In its first two weeks on the market in Chile this year, the cloth diaper brand Charlie Banana did not have a single customer. “We were very worried that we did something wrong,” says Marco Gutierrez, disruptive innovation manager on the Charlie Banana brand. “Maybe it’s not the right fit for the consumer?”
It wasn’t the fit, it was the insight. The typical Charlie Banana customer, moms with a great interest in sustainability, wants less of a brand message and more of an education on the product. The brand quickly shifted its communication and started better connecting with consumers, who started buying the product.
The ability to be nimble stemmed from the team’s small size and need to wear many hats. “We piloted it like a startup,” says Gutierrez.
Learn more about the lessons from the launch:
Marco Gutierrez 00:02
Charlie Banana is an ecological cloth diaper brand previously acquired by P&G, which we’re basically piloting in a startup way here in Latin America and more specifically in Chile.
00:16 We did see Charlie Banana as a brand with a great purpose and very aligned to our corporate values. We identified Chile as the country that has higher affinity towards this sustainability concern, in comparison to other countries. We saw that consumers are more willing to change habits into recycling reutilizing products, and specifically the moms that we’re targeting.
00:46 That I believe it’s a challenge when you operate as a startup, meaning, we didn’t have logistic dedicated person or financial dedicated person, a marketing dedicated person. And for example, I was previously in the market research area. I was not even on marketing. So all of these four areas were like white spaces for me as well. So I believe that what that was the first challenge I personally phased into immersing on how to holistically handle a brand and more exactly like a business.
01:25 We didn’t have any sales in the first two weeks, and we were very worried that we did something wrong. Maybe it’s not the right fit for the consumer. Lots of questions, as you may imagine. Here, what we basically did was, first, we kind of reshuffled our communication plan. We stopped communicating some benefits of the diaper that weren’t so relevant for these consumers, we started focusing on the ones that were performing the best according to our dashboards. And the second place that I would summarize as one of the learnings in this journey is that we have to know our consumer. Our consumers are not like the common disposable diaper users. They are very eager to look for a lot of information of of the product they’re using, because of course, it’s a cloth diaper, it’s a reusable diaper. There are lots of commitments that they have to do. And we had to know this and it was kind of a reality shock for us to understand that because we were seeing they weren’t exposed to the rent, but they were not buying it. Why? Because they take some time to look for information to get in that in a very informed decision as I was saying.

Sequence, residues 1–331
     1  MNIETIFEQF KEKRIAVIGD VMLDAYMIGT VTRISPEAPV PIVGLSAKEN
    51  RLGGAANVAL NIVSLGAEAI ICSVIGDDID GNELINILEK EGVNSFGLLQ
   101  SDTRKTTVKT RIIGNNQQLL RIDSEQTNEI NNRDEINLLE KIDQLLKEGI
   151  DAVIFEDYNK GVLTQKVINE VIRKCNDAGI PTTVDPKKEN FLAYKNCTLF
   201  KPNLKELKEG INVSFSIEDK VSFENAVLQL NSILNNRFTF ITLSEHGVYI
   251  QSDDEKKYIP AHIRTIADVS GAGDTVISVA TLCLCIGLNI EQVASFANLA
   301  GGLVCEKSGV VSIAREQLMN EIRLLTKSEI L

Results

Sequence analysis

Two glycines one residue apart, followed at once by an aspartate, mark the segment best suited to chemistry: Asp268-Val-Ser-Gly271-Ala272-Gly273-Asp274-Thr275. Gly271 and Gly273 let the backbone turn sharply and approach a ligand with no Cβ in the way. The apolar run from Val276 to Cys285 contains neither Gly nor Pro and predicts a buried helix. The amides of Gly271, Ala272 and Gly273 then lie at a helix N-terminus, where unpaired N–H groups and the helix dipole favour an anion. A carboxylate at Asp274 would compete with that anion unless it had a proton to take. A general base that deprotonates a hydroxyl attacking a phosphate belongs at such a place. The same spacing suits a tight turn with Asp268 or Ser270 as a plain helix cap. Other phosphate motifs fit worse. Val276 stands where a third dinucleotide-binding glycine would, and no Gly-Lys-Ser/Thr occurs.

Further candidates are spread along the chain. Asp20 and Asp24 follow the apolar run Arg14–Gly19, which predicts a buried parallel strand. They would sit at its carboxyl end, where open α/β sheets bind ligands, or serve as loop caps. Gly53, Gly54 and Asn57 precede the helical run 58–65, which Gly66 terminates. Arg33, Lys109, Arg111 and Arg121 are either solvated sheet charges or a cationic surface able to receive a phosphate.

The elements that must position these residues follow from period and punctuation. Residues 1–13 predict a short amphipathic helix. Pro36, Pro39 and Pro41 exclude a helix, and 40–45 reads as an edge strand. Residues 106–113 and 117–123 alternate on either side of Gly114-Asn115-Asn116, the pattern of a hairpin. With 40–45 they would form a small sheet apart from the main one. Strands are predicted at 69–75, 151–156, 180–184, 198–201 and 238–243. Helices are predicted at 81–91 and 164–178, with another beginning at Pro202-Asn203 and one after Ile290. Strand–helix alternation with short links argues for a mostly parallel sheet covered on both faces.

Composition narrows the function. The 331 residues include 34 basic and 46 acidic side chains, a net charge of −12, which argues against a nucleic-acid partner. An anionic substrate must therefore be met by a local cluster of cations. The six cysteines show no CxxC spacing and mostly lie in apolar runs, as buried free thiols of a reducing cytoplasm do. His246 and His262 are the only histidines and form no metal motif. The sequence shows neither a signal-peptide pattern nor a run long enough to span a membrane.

02:40 I’m passionate about sustainability. I hate using plastics and I believe this is more like a personal passion that I’ve always had when I was a kid. I was watching all these documentaries about the Earth’s warming and all these things. So on that side, this was a perfect project because I was afraid we were not getting there yet. But we saw that there’s this brand that goes in line with this purpose and it was sound to our ears for us to start pursuing that passion.
03:21 I believe one tip I would have is to always know your consumers. And this is probably maybe my myself market researcher from four years ago talking. But I believe this is key to first handle expectations. Not all consumers are the same even if they’re using similar products. In the second place, not all consumers are looking for the same thing. So always always know who your consumer is, what he or she is looking for, what are his or her doubts and how you can enable him or her to have an easier experience with your product.
04:04 Not to brag but the results have been very positive up to now. We have had a kind of an explosive world of sales in the last I would say three months compared to when we launched. And right now we are seeing up on the early potential of 10x versus how much we started selling in the beginning or our initial projections.